Lower-temperature fuel cells work by ionising a hydrogen-rich fuel by passed it though a semi-permeable membrane, and combining it with oxygen to create pure water - and to provide a flow of free electrons between an anode and cathode - producing an electrical current. This process creates a small voltage of around one volt - which can be easily increased by 'stacking' membranes alongside or above one another.
Sperrey says that, with DMFC systems, the company has achieved an output of 2.5kW 'quite comfortably' and with PEMs up to 200kW. However, beyond these levels high temperature systems would typically be used.
A key application of low temperature technologies is as a source of standby electrical power – and the company turned to these for the Isle of Lewis project, as well as for other similar schemes at Severn Trent and Dwr Cymru Welsh Water sites.
In applications of this type, the system works by continuously monitoring battery voltage - and as soon as the load has reduced the voltage to a pre-set figure, typically around 12.2V, the fuel cell automatically starts re-charging the battery to 14.4V, before shutting down again.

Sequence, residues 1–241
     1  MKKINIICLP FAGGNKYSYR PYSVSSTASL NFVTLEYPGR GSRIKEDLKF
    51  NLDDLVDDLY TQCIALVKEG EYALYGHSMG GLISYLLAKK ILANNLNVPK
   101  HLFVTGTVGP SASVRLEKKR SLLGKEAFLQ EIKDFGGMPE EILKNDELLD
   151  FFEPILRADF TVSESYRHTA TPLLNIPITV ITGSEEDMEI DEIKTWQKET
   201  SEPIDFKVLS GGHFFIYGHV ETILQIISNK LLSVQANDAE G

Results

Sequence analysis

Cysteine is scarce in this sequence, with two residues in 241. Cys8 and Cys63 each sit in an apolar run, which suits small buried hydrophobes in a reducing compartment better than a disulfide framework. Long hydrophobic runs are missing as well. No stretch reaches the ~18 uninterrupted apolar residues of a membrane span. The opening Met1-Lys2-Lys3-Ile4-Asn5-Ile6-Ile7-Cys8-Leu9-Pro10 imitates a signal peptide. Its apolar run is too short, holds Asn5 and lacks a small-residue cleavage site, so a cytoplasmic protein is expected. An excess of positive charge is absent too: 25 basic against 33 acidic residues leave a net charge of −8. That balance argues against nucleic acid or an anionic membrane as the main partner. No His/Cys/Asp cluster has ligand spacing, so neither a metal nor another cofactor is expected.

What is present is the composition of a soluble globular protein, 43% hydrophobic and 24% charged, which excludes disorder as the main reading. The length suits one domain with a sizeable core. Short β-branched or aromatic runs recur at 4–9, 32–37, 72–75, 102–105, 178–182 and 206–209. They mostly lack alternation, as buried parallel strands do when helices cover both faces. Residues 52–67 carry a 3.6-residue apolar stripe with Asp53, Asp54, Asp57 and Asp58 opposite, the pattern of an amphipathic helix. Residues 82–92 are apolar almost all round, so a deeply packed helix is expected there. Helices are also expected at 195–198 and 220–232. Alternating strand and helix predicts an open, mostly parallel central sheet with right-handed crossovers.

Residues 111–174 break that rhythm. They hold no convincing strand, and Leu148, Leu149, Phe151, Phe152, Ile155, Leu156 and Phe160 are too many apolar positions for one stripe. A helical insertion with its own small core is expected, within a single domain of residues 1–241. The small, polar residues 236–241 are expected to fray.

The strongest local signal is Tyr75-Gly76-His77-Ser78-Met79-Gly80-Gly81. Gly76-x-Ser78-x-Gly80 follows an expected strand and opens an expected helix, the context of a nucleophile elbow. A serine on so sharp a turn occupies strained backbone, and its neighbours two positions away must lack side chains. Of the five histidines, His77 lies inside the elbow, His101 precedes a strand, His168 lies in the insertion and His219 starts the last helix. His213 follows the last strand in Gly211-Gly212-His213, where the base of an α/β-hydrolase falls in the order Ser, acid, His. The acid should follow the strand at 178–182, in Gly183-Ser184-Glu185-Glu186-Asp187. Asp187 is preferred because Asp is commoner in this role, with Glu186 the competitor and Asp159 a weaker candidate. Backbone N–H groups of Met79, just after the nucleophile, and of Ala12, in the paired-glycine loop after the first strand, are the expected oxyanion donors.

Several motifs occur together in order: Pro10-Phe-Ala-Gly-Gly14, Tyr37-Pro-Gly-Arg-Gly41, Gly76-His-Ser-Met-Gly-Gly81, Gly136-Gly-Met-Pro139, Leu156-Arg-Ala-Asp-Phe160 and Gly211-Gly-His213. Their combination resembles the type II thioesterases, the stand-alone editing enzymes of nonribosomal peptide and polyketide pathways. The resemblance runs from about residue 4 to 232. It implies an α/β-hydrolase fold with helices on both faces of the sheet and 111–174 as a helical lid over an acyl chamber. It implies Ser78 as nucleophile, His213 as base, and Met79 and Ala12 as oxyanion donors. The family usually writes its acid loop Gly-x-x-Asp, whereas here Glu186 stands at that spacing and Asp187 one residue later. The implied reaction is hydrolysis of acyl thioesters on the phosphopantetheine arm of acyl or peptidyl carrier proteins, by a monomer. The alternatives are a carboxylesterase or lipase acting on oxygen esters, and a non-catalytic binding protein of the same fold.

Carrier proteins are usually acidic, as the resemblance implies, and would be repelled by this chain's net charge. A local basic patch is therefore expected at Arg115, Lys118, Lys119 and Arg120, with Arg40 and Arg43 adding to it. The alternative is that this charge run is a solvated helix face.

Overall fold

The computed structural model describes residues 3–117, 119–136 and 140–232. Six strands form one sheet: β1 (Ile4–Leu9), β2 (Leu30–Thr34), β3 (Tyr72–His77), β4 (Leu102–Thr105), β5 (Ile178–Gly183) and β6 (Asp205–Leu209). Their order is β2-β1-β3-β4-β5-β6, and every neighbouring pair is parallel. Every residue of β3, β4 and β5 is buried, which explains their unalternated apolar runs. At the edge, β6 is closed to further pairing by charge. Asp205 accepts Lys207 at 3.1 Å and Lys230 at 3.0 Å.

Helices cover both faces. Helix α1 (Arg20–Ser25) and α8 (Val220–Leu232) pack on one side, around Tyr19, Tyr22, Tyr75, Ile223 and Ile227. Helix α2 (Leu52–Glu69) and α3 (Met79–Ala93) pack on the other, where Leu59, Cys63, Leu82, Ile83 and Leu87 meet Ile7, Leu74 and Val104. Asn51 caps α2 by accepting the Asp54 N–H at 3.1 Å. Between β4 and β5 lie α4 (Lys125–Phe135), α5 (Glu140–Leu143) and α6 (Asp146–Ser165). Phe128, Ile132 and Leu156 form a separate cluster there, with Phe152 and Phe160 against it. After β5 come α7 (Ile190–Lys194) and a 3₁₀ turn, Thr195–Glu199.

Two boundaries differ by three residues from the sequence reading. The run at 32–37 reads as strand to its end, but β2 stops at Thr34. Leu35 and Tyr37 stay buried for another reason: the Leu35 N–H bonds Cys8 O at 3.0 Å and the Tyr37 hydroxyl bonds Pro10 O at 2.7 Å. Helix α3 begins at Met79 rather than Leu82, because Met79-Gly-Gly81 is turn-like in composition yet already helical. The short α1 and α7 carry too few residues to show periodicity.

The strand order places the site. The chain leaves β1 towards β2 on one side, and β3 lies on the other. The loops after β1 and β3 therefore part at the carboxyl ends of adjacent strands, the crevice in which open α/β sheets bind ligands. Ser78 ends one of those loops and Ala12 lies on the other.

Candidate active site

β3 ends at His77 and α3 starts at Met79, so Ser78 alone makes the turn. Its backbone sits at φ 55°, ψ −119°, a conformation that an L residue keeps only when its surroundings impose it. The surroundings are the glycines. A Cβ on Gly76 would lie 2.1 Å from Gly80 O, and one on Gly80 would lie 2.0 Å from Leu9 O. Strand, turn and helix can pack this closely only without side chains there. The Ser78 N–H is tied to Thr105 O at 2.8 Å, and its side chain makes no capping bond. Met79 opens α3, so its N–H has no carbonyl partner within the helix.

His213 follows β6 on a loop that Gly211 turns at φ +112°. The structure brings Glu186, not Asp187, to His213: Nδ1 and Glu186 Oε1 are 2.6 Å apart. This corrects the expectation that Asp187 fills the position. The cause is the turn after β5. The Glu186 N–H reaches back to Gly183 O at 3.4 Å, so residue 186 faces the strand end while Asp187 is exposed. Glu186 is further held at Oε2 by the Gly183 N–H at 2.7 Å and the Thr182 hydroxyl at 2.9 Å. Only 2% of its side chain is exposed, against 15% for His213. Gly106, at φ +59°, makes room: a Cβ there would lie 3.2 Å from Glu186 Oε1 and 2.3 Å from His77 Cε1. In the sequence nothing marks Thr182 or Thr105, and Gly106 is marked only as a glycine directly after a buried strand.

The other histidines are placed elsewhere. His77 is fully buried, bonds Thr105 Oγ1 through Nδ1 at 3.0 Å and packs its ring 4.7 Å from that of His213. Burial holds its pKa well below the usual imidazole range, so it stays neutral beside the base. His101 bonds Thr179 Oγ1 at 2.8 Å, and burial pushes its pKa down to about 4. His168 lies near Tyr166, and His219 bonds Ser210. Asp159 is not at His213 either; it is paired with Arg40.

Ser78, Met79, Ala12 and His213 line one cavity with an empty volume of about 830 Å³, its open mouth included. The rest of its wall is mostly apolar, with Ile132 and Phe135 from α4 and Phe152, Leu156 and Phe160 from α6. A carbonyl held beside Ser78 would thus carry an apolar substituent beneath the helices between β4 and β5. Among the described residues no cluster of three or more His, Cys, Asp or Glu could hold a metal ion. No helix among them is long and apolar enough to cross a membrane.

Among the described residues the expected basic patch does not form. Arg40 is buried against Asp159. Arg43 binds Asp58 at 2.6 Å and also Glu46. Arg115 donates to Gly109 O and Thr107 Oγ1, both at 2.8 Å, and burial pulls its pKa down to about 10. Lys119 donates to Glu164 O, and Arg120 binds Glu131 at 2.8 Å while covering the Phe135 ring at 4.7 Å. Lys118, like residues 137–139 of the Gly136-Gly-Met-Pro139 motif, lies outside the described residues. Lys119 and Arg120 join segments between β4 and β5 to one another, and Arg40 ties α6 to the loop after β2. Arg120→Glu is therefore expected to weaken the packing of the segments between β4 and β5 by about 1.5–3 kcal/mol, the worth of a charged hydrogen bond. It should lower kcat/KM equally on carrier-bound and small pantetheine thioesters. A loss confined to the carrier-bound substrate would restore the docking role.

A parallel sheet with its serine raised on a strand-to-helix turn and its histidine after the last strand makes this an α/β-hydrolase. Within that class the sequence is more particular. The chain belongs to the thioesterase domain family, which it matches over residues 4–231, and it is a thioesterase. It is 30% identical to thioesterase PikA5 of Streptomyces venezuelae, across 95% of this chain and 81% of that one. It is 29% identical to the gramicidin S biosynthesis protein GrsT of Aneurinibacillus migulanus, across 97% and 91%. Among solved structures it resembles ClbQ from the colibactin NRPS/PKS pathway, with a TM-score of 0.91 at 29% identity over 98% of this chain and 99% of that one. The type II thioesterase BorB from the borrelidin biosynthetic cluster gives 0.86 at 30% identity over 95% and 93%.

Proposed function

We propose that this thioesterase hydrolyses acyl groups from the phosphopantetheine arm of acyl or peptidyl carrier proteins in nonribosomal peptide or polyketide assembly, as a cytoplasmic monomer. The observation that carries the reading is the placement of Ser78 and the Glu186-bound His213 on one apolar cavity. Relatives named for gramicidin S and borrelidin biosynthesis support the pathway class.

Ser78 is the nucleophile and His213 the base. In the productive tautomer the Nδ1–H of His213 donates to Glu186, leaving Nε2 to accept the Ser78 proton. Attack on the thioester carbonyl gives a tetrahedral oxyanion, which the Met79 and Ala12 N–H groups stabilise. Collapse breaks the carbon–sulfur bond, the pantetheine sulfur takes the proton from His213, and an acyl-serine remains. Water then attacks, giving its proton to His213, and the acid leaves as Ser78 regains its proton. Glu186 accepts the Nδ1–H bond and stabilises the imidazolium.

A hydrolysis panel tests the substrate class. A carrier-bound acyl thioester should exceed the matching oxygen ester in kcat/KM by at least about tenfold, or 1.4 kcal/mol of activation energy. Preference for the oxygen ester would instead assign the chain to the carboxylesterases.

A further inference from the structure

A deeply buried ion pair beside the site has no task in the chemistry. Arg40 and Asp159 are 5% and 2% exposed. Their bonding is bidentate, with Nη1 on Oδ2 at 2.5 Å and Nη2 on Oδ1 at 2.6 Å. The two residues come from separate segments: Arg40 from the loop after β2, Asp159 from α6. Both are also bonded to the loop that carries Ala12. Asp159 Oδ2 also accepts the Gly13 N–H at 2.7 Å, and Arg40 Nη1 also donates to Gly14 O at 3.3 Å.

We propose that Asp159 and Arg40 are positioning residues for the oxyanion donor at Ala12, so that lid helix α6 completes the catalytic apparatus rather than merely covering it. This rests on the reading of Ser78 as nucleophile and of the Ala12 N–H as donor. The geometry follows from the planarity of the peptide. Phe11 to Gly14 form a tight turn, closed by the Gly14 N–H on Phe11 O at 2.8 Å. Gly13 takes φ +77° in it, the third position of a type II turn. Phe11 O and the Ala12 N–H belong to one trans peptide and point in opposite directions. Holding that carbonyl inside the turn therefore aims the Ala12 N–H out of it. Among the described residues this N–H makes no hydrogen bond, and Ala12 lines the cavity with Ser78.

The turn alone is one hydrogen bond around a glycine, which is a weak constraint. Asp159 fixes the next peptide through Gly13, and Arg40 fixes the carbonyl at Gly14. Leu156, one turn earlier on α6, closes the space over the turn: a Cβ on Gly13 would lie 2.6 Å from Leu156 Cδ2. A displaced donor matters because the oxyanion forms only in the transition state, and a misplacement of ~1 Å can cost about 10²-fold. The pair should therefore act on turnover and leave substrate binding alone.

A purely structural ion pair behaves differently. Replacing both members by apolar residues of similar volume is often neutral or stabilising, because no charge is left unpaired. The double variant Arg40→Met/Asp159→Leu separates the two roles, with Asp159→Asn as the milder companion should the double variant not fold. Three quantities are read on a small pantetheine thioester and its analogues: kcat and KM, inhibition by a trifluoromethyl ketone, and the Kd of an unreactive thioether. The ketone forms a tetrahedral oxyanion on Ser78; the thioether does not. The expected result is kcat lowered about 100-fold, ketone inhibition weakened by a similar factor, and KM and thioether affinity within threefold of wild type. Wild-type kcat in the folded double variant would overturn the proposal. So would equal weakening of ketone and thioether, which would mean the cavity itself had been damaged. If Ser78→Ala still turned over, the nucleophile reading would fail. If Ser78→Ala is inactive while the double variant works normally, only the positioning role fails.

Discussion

|Power deal: The RP-1 fuel cell is part of a Power Purchase Agreement, whereby Anaergia owns and operates the equipment while IEUA hosts the unit on site and purchases all of the electricity that is generated at an agreed contracted price|
The Lewis project uses Direct Methanol (DMFC) technology. Here, Hydrogen-rich Methanol is mixed with water - produced as a result of the reaction in the fuel cell - and reacts at both the anode and the cathode side of the cell. This reaction produces more water, which is largely re-used, a small amount of CO2 - which Sperrey says is often described as 'equivalent to that in a baby's breath' - as well as heat and electricity. In simple chemical terms, the combined two-stage reaction is: CH3OH + 3/2O2 -> 2H2O + CO2.
"The small amount of condensate that is produced is pure water and is drained off to ground, not being in large enough volumes to justify capture. All of our water company customers to date have, after initial trials, integrated the fuel cell's digital status outputs into their own data capture systems," says Sperrey.